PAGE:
Brian Kleiner couldn’t let an irregular heartbeat interfere with his passion for teaching the next generation of college business students.
After living uneasily with a dangerous condition called atrial fibrillation for four years, the 72-year-old Fullerton resident recently had a Watchman device implanted in his heart by a UCI Health cardiology team at UCI Medical Center.
He was back in the classroom at Cal State Fullerton giving his students an exam the next day.
Dangers of irregular heartbeats
More than 6 million Americans suffer from atrial fibrillation, also known as AFib or AF. The average person with this heart arrhythmia is five times more likely to have a stroke than someone with a regular heartbeat.
They also are at higher risk of heart failure and other heart-related ailments, as well as dizziness or fainting. People with AFib often have to take blood thinners to reduce the chances of clot formation.
The reason: In people with AFib, blood does not move properly through the heart chambers, causing blood to pool in a small pouch atop the heart called the left atrial appendage (LAA), where blood clots often form.
When a clot escapes the pouch and travels in the blood stream to another part of the body, it can cut off the blood supply to the brain, causing a stroke.
Keeping watch on blood clots
Watchman, also called a left atrial occlusion device, is designed to protect against blood clots, heart failure and other heart-related ailments. It is one of several new alternative treatment options the UCI Health Cardiology Services team offers patients with structural heart problems such as AFib.
About the size of a quarter, the device fits over the LAA pouch entrance, preventing blood clots from escaping or new blood from pooling. It’s inserted through the groin and up into the pouch, where it is placed to cover the opening.
After this minimally invasive procedure, it takes about 45 days for the body to grow tissue over the Watchman implant, sealing the pouch closed.
“Once it’s been naturalized by the body, we can safely reduce the use of blood thinners,” explains Dr. David Donaldson, a UCI Health cardiologist and specialist in heart arrhythmia who performed Kleiner’s procedure.
“Eventually, only a baby dose of aspirin daily is needed. The goal is to eventually stop blood thinning medication altogether.”
One-time procedure vs. lifelong medication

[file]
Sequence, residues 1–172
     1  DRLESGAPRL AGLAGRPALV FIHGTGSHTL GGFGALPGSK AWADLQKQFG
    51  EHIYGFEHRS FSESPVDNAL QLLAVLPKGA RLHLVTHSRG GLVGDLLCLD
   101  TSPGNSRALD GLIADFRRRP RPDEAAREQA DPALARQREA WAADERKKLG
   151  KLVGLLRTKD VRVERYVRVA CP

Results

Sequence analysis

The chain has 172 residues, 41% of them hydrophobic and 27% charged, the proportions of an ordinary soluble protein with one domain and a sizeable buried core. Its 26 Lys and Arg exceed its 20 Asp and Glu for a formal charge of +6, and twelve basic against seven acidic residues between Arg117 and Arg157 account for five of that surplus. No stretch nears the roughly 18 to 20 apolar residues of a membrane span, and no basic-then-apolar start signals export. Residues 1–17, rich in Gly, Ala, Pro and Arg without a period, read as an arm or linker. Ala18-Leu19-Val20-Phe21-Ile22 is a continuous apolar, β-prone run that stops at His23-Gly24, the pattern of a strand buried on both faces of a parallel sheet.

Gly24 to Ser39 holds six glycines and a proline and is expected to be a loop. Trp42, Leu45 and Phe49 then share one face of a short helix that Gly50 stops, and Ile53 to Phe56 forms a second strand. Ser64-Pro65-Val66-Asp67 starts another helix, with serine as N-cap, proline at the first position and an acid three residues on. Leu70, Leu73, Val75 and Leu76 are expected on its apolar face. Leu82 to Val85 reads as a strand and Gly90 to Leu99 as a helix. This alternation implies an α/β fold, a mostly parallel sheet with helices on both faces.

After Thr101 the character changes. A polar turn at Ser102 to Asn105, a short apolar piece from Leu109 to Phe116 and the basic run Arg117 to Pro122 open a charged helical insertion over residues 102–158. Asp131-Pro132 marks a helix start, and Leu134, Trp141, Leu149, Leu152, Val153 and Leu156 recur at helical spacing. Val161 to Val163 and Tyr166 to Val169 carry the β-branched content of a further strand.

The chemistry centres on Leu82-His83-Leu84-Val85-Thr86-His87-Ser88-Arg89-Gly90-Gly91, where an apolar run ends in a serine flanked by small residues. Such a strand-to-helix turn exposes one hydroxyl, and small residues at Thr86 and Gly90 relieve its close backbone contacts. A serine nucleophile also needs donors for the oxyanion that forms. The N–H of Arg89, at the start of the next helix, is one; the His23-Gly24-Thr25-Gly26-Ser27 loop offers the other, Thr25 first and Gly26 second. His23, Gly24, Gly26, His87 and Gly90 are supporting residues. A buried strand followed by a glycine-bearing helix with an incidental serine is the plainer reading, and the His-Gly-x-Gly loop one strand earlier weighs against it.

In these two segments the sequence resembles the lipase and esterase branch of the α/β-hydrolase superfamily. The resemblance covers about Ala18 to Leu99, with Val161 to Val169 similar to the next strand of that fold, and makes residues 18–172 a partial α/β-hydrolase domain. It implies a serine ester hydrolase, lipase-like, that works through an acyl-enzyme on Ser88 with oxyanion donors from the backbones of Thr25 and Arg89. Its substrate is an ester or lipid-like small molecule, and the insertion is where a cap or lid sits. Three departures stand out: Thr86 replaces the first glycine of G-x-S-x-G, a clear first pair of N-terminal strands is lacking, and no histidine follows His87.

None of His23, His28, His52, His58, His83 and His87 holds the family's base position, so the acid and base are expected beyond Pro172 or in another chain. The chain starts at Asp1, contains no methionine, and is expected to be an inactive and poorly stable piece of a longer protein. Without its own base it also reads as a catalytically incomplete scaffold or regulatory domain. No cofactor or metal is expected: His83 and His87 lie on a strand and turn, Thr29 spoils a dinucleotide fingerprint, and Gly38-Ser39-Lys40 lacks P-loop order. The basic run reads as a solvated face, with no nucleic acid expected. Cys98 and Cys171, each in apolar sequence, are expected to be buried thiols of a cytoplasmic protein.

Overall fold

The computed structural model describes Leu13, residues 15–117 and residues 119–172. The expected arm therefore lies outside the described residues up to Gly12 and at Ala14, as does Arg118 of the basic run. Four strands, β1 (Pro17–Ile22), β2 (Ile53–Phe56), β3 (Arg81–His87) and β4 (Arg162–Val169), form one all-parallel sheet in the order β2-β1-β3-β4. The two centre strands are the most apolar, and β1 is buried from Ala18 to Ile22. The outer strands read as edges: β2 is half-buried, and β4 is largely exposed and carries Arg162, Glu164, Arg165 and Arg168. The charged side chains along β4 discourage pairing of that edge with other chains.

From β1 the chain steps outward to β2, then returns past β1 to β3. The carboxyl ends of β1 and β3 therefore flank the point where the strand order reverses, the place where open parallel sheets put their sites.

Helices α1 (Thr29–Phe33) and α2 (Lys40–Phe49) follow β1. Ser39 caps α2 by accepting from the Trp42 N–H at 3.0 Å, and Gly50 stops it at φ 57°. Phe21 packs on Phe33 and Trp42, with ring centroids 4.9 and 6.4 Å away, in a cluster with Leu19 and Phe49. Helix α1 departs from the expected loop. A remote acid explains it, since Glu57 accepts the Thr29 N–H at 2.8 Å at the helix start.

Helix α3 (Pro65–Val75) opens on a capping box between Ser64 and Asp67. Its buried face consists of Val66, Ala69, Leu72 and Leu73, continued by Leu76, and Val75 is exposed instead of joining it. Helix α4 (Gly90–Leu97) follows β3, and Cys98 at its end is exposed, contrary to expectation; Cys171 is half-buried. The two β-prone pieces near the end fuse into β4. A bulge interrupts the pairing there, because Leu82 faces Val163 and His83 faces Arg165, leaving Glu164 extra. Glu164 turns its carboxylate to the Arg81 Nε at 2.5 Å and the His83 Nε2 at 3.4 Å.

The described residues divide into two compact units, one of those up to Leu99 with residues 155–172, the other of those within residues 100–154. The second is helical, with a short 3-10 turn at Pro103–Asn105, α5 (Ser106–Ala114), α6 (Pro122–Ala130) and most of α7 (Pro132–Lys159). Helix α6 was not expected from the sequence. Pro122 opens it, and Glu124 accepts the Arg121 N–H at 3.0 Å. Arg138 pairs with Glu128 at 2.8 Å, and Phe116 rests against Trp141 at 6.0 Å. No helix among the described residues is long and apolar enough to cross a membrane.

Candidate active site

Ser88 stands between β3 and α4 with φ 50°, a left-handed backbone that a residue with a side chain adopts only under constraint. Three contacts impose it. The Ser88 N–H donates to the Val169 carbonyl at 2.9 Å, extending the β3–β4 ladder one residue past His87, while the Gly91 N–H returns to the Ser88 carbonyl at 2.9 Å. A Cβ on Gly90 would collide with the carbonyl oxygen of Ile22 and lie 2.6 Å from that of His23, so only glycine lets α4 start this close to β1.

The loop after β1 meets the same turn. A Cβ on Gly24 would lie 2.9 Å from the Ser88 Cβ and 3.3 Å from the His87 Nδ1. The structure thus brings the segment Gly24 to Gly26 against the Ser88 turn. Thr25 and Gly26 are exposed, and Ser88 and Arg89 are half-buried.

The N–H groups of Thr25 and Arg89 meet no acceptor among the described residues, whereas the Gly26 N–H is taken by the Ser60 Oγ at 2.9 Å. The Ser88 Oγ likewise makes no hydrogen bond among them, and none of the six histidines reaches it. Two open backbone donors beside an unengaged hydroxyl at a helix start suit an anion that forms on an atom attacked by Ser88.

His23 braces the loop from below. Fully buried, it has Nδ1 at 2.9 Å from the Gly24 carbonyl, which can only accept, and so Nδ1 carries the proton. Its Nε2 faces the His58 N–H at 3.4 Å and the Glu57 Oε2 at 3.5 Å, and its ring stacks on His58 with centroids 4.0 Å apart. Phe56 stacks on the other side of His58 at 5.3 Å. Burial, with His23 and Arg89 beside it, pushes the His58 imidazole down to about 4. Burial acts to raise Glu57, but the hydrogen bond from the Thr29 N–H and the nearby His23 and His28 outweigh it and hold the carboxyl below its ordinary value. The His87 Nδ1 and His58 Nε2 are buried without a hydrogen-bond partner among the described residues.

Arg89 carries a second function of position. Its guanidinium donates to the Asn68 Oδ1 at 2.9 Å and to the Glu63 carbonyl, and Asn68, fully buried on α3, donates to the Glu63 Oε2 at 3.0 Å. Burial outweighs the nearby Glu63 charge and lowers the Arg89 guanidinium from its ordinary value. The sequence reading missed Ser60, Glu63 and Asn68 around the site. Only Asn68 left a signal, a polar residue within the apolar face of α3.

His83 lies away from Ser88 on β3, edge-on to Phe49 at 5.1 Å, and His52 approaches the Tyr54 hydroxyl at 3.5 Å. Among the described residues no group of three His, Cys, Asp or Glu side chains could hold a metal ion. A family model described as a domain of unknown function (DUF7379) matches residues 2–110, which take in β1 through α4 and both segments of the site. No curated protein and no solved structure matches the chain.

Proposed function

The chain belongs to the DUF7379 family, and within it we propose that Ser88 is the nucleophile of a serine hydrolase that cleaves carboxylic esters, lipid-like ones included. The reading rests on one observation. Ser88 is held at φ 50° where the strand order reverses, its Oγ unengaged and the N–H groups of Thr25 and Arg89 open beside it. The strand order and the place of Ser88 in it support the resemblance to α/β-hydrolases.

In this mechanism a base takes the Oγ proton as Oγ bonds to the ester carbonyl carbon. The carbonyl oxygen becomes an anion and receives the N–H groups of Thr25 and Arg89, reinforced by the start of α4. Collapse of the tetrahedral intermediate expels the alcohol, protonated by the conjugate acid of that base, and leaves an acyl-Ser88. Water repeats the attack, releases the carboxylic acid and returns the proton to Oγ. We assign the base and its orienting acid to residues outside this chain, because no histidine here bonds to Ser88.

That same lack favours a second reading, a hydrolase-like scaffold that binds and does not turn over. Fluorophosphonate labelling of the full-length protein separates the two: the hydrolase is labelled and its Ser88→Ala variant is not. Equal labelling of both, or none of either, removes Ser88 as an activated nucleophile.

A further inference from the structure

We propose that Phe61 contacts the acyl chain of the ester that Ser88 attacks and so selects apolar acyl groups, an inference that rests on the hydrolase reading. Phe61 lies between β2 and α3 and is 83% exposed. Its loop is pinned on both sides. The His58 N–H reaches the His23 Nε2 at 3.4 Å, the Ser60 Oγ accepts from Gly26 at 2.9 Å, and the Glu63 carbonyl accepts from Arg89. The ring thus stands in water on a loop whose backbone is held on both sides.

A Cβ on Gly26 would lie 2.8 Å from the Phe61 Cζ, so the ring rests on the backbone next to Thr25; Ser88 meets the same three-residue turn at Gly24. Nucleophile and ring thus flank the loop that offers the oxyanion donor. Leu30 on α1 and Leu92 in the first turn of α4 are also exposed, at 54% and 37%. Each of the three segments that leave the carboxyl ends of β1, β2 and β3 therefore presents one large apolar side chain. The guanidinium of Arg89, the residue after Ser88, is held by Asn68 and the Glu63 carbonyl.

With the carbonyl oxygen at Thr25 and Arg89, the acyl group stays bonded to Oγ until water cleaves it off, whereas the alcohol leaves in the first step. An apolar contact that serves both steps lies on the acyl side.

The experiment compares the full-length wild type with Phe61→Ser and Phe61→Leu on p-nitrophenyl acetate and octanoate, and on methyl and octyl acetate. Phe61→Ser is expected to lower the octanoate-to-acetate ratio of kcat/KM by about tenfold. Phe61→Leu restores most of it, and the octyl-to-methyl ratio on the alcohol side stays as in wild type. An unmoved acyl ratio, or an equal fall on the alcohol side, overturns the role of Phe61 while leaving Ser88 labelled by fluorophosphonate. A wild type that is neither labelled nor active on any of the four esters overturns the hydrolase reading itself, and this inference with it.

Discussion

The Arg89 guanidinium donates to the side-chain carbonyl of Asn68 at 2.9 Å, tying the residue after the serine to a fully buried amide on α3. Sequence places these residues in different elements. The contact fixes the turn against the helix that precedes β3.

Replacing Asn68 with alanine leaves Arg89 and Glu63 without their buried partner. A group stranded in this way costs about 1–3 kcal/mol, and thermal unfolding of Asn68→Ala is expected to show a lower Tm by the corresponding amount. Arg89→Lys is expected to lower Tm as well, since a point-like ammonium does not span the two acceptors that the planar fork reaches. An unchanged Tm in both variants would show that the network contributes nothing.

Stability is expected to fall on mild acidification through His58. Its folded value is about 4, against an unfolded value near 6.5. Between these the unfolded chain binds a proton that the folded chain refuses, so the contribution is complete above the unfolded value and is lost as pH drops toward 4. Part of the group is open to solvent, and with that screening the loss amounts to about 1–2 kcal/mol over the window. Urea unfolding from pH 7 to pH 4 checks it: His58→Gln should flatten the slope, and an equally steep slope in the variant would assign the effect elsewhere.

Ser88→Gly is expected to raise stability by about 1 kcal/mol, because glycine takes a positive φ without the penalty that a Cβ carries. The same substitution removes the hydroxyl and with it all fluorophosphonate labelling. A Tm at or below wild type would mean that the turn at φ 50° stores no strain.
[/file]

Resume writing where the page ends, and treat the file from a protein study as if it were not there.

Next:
The most common treatment for AFib is medication to thin the blood and reduce coagulation. However, there are a number of reasons many AFib patients seek alternatives.
One of the most serious risks is internal bleeding, especially in the brain. This can be either spontaneous bleeding or from trauma due to accidents or falls. The risk of bleeding can affect quality of life. For example, patients may no longer be able to participate in certain activities that may result in a fall. Convenience is another factor.
“Even just a few days of missing pills can result in blood clots,” says Donaldson. “The Watchman is a one-time procedure that is an alternative for taking blood thinners for the rest of one’s life. This is life-changing. It’s a dramatic shift in paradigm and a wonderful option.”
Teamwork at heart
Preparing for the Watchman procedure takes a team approach. Dr. Pranav Patel, UCI Health’s chief of cardiology, referred Kleiner to Donaldson, who directs the UCI Health Heart Arrhythmia Program.
General cardiologist Dr. Byron Allen also referred Kleiner to neurologist and stroke specialist Dr. Jay Shah, who cleared Kleiner for the procedure.
“I think about how many people dealt with me,” says Kleiner. “Everyone operated as a team.”
Donaldson concurs. “We are blessed to have wonderful nurses and staff.”
Kleiner is grateful to everyone who participated in his treatment. He especially relied on nurse practitioner Ly-An Dao: “If I had any questions about things, she would give answers immediately. I could call her directly, and she would always get back to me quickly.”
‘One of the best days of my life’
After the procedure, Kleiner felt no pain and was up and walking the same day. He went home the following day and has only had to return for follow ups to make sure the implant is in place and that his body is adapting to it well.
Kleiner’s only restriction was no heavy lifting for at least six weeks. But he is looking forward to returning to his gym routine and working out with his trainer three times a week.
“My day of surgery was one of the happiest days of my life,” says Kleiner. “My only regret is that I waited too long to start coming to UCI Health,” says Kleiner.
For patients who may be considering the Watchman implant to address their AFib, Kleiner says, “You’re in good hands with Dr. Donaldson and UCI Health.”